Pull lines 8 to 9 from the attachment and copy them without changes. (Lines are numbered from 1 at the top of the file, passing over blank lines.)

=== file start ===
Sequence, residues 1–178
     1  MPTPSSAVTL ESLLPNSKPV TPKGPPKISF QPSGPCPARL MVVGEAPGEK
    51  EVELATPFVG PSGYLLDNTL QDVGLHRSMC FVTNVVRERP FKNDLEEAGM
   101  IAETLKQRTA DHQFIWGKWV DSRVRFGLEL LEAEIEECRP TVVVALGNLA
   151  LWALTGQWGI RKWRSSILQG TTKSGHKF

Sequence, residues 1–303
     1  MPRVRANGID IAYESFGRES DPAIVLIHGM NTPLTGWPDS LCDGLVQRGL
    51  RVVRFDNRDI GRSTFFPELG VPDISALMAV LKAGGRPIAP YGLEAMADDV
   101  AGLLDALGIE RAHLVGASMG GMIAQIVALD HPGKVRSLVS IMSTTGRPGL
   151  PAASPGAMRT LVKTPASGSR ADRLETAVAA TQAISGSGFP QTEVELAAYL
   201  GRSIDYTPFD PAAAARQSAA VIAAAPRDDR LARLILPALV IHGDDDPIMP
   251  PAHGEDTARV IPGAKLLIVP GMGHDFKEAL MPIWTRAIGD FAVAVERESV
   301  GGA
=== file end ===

    51  RVVRFDNRDI GRSTFFPELG VPDISALMAV LKAGGRPIAP YGLEAMADDV
   101  AGLLDALGIE RAHLVGASMG GMIAQIVALD HPGKVRSLVS IMSTTGRPGL